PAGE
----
Sunday, December 9, 2018

Why Red and Green for Christmas?

For no good reason yesterday, a tiny (Christmas) light went off in my brain and I asked myself so why red and green?  Whose decision was this?  And, if known who, why?

It wasn't anyone we know.  These colors come to us from the Middle Ages, from the Romans who traded holly branches in January for good luck in the coming year and the Egyptians who did the same.

In the Middle Ages, very few people could read.  Thus the church held a yearly holiday to celebrate the birth of Christ and the learned one would read it to all of the other parishioners.  There were no apples on the trees in Europe in the dead of winter, so a branch of a pine tree with presumably home made "apples" tied to it, doubled as the tree to represent Adam and Eve.  No word as to whether or not a snake was used to give full historical gravity.

They were serious about their religion back in those days - but think of it - few could read - so there was no necessity for printing a lot of books.  There was little entertainment other than the occasional torture and banishment of someone in the village … so going to church was a great chance to see others, gossip, court and in general, get crazy.  Crazy for those days which were as we see quite limited.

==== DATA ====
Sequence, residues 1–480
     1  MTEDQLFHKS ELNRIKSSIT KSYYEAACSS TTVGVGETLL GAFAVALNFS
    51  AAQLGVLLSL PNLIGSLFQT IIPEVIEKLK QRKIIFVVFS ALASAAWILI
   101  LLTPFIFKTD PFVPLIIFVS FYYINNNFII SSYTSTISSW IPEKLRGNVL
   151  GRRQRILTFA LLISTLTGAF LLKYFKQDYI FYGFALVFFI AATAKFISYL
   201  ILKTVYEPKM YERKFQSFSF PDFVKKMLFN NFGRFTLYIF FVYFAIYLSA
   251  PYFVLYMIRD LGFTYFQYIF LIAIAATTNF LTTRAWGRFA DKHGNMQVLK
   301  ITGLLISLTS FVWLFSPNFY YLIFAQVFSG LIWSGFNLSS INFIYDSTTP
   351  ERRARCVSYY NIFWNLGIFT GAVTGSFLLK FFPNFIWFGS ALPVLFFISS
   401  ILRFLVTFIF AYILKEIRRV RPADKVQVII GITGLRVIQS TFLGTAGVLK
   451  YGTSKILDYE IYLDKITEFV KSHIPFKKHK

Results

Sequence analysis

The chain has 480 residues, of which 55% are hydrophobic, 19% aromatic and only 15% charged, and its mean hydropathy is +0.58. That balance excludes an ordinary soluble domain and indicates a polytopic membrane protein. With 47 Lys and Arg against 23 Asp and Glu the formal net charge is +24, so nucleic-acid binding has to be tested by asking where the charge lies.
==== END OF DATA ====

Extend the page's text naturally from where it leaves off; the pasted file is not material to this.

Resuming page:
The red color of the holly berries was meant to be Jesus blood - their sharp, pointy leaves made up Jesus crown of thorns.  That color - red - was later adopted by the Catholic Bishops' robes.

Green came from the holly, ivy and pine - evergreens.

So, one thought logically leading to another (somewhere, not in this house) why blue and white for Chanukah and red/green/black/yellow for Kwanza?  Tune in tomorrow.  The Google Hound is ON IT.

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